WASHINGTON — A federal judge sentenced a Texas man to 45 days in jail Monday for his role in the Capitol riot – going above the Justice Department’s request that he serve only home confinement.
In her sentencing decision Monday morning, U.S. District Judge Tanya S. Chutkan said “there have to be consequences” for Capitol riot defendants like Matthew Mazzocco, who pleaded guilty in July to one misdemeanor charge for his role in the January 6 Capitol riot. In a sentencing memo, the DOJ asked for Mazzocco to serve three months of home confinement plus three years of probation. His attorney, Robbie Ward, argued he should serve probation only. Chutkan, however, didn’t agree with either.
“This court believes that a sentence of probation does not reflect the seriousness of the crime… if Mr. Mazzocco walks away with probation and a slap on the wrist, that’s not going to deter anyone from trying to do what he did,” Chutkan said. “Nor do I agree with the government that confining him to his home, where he can be with his family, is appropriate.”
Under the terms of his plea deal, Chutkan had leeway to sentence Mazzocco to any amount of time up to the six months maximum allowed for a Class “B” misdemeanor. While judges often give deference to sentencing requests from the government, they are free to depart upward or downward as they see fit. In Mazzocco’s case, Chutkan said she believed actual jail time was necessary.
“What happened that day was nothing short of a violent mob attempting to disrupt the peaceful transition of power,” Chutkan said. “That mob was trying to overthrow the government.”
“There have to be consequences,” she added.
Mazzocco was arrested on January 17 after the FBI received an anonymous tip about a selfie he’d posted outside the U.S. Capitol Building on January 6 with the caption “The capital is ours!” The Justice Department said he quickly expressed a desire to take responsibility in the case, and became one of the first 10 defendants to reach a plea deal.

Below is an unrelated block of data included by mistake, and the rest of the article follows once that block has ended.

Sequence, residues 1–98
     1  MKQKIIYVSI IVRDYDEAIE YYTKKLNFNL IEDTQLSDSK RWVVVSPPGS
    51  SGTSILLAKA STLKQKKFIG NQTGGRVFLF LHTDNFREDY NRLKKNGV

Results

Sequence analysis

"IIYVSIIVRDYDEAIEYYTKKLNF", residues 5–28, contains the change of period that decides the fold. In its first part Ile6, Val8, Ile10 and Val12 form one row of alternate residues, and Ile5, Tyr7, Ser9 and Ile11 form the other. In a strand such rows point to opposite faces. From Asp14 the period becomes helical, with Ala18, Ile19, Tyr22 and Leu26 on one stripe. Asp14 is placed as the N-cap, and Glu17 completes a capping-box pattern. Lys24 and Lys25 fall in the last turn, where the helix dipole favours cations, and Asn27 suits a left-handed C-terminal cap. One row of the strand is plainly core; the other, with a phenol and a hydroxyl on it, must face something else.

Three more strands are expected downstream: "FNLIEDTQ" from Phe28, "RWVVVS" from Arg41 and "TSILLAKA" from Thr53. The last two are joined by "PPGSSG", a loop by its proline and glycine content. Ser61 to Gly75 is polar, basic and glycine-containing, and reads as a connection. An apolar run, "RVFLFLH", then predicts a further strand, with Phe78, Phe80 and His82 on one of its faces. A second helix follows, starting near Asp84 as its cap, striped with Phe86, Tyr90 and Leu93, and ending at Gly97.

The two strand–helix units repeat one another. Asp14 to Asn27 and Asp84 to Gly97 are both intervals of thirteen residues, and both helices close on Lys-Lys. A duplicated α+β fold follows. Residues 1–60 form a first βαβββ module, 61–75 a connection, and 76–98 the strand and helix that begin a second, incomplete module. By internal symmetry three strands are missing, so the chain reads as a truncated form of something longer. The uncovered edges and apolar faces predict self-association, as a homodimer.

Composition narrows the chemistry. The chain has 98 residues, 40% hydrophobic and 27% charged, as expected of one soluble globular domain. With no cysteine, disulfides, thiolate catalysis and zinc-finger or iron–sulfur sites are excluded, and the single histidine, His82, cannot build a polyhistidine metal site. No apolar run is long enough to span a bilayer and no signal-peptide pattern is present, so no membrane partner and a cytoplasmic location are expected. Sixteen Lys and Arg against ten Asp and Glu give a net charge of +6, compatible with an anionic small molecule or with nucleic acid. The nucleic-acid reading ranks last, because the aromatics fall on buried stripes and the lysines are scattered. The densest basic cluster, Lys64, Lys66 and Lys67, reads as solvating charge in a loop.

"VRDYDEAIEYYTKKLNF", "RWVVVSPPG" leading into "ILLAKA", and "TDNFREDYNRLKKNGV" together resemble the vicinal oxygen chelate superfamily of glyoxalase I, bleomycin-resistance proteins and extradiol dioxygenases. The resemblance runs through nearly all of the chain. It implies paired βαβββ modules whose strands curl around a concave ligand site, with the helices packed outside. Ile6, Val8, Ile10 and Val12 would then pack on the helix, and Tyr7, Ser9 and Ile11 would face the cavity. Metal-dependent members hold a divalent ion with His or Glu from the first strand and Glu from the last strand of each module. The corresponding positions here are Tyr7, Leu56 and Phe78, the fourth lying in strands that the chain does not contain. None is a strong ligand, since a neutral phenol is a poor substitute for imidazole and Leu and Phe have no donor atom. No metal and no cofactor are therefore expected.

Chutkan, however, said that only happened after he’d been caught.
“When he got home, he was proud of what he’d done!” she said. “It wasn’t until the consequences started to catch up to him that he tried to hie what he’d done.”
Although Mazzocco can be seen in images from January 6 wearing a body-worn camera, FBI agents were never able to locate the footage he shot. Mazzocco told investigators he didn’t know where it was.
Chutkan also pushed back on the idea that Capitol riot defendants like Mazzocco were being treated more harshly than protestors arrested for violence during police brutality protests last summer. Mazzocco, she pointed out, was allowed to plead guilty to a petty misdemeanor despite a premeditated decision to attack “the very heart of our democracy.” And, she pointed out, because of the COVID-19 pandemic, he’d never even had to appear in an actual courtroom.
In addition to 45 days in jail, Mazzocco will have to pay $500 in restitution for damage caused to the U.S. Capitol. Unlike other defendants, he will not have to serve a probationary period after his release.